Opinion evidence in the case at bar is that plaintiff at the time of the trial was still suffering from a tubercular infection of some portion of the body.
After the primary tuberculosis had been arrested, that is to say, after her physician, Dr. Mera, a witness, who had been treating plaintiff for years, could no longer find any more signs of trouble in the lung, either by examination or X-ray, her symptoms persisted and she still ran a temperature, still had exhaustion and loss of weight, and in 1937 she had a distinct attack of pleurisy with a definite pleuritic rub.
The witness stated that pleurisy, unless found to arise from some other origin, is practically always tubercular, and that in the present case, in his opinion, it was so. The witness said:
"While I cannot give any definite signs now, it seems the only reasonable explanation is that there is a tubercular focus somewhere."
The witness explained that by a tubercular focus he meant that there was a tuberculous infection of some portion of the body.
It seems unnecessary to engage in an extensive recital of the testimony, which, aside from the testimony of the plaintiff and her husband, was largely opinion evidence of medical men. It is sufficient to say that we have studiously read the record and conclude that the finding assailed is supported by substantial evidence.
The trial court had the advantage of observing the physical appearance of the plaintiff. This falls within the field of "Demonstrative Evidence" and is not to be ignored. Abbott in his work on Mode of Proving Facts says:
"If the physical condition of a party is material, he has a right, when giving his testimony as to it, to exhibit it to the jury."
While the burden was on the plaintiff to establish that the disability was due to impairment of her body, we doubt the correctness of appellant's contention that the underlying cause of the bodily impairment must be established by definite proof. Disability caused by bodily impairment is the paramount issue. This issue was correctly resolved in favor of plaintiff. If the plaintiff was under the further burden of discovering the underlying cause, this burden too was discharged by the production of circumstantial and opinion evidence.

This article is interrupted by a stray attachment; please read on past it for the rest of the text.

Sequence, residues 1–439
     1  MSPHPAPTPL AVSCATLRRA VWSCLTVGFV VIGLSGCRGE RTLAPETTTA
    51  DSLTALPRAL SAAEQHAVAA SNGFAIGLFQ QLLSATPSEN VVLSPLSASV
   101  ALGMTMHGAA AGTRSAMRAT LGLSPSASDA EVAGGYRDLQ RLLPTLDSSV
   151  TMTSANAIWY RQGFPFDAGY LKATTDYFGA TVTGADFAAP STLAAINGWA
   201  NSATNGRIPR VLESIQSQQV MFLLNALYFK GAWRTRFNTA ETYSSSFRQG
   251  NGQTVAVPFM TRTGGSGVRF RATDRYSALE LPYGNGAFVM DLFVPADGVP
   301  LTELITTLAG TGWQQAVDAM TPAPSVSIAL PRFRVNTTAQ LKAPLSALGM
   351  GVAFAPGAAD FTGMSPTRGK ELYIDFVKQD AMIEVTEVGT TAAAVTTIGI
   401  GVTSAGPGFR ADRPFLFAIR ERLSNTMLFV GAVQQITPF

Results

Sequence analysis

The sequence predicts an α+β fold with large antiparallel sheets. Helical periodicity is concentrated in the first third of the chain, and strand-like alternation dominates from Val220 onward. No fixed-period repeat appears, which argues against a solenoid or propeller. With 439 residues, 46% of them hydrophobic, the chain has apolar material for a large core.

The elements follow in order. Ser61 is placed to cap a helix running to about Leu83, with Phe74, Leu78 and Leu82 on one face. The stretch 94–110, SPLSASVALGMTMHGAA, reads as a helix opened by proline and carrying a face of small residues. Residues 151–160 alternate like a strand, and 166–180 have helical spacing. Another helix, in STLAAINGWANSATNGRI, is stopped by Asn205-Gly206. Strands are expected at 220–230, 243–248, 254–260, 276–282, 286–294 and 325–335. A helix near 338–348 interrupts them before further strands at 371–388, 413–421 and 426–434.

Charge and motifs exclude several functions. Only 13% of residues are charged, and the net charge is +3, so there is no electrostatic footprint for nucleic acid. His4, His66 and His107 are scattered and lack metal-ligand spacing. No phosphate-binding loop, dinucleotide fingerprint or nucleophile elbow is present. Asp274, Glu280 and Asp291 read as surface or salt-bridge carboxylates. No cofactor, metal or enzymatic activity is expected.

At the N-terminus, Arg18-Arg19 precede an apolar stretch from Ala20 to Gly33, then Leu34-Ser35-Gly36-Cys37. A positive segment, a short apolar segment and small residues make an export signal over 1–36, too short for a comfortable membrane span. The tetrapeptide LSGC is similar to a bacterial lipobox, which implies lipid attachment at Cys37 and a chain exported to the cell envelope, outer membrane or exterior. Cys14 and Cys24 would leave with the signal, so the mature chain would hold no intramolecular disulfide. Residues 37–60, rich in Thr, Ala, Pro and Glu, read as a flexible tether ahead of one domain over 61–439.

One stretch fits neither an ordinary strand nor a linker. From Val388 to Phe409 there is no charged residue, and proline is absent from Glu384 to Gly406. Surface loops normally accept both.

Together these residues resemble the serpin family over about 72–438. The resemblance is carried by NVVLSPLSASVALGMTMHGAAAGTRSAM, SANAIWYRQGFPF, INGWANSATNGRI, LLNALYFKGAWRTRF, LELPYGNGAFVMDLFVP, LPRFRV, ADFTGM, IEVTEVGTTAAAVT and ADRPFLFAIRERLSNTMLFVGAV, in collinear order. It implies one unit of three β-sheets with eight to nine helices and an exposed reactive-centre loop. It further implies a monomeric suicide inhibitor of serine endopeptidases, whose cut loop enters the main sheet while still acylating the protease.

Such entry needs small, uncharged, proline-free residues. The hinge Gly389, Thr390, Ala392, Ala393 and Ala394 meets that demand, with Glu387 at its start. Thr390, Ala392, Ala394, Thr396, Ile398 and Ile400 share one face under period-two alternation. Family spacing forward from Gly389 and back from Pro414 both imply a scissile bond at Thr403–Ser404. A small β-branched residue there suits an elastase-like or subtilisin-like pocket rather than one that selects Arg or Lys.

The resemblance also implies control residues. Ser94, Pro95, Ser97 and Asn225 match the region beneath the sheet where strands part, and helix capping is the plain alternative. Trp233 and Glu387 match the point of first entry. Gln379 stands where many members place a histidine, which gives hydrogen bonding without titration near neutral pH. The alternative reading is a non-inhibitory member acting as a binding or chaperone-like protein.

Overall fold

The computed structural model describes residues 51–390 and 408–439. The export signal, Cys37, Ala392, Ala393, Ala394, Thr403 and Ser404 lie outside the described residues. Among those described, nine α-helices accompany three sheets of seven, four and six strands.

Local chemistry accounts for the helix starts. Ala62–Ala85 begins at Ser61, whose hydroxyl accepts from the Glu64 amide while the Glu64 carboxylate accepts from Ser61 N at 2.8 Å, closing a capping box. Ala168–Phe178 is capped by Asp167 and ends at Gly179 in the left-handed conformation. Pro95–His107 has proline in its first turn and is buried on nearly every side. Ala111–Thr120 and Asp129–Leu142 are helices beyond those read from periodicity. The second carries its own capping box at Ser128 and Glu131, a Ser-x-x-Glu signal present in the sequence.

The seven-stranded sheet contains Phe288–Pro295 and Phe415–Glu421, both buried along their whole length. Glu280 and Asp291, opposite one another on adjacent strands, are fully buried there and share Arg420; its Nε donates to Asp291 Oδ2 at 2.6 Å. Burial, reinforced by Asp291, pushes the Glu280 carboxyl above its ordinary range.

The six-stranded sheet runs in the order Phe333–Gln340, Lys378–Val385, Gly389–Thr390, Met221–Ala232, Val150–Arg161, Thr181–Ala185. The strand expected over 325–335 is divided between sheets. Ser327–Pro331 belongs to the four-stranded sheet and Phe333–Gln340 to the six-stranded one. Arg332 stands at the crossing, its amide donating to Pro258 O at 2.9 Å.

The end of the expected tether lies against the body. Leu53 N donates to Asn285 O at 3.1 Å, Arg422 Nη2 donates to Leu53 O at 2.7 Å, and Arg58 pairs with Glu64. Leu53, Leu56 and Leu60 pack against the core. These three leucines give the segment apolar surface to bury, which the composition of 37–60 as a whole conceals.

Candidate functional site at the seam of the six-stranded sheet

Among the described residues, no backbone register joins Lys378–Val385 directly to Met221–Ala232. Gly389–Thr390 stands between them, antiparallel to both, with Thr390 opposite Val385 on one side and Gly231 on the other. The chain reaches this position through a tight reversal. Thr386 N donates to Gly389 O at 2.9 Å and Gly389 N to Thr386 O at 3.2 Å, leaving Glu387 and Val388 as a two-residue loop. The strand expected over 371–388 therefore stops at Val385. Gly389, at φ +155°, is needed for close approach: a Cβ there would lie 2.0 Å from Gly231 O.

Wigmore asserts that on occasion the effect may furnish some proof of a cause. For instance in Sec. 123, "Principles of Judicial Proof" he says:
"That the falling barometer indicates the existence of an atmospheric disturbance; that the derailed car indicates the prior occurrence of a collision or other destructive event, — these are instances of inferences from effect back to the existence of a cause."
It would not be difficult to maintain that physical disability carries an inference of physical bodily impairment.
Passing through a forest we see a tree which has the appearance of having been torn and mangled in a catastrophic manner. We say at once, with assurance: "That tree has been struck by lightning." We were not there when the event occurred and no witness seeing the event had related the fact to us; yet experience with such knowledge as we have of the forces of nature produces conviction that this tree has been struck by lightning. Such is the force of circumstantial evidence which in many situations comes to the aid of the fact finder. In other words, as Wigmore in his text, supra, says at Sec. 132:
"Stated in its broadest form, the notion of cause and effect is merely that of invariable sequence."
We mention these principles, not because they are needed to support the assailed finding, but to show that the burden of evidence upon the plaintiff was a light one.
The presumption of continuance of a physical bodily condition, once established, also comes to the aid of the court's finding. In addition to these considerations the direct evidence substantially shows that the condition continued although an initial cause thereof may have discontinued.
The judgment must be affirmed.
It is so ordered.
SADLER, C.J., and MABRY, BRICE, and THREET, JJ., concur.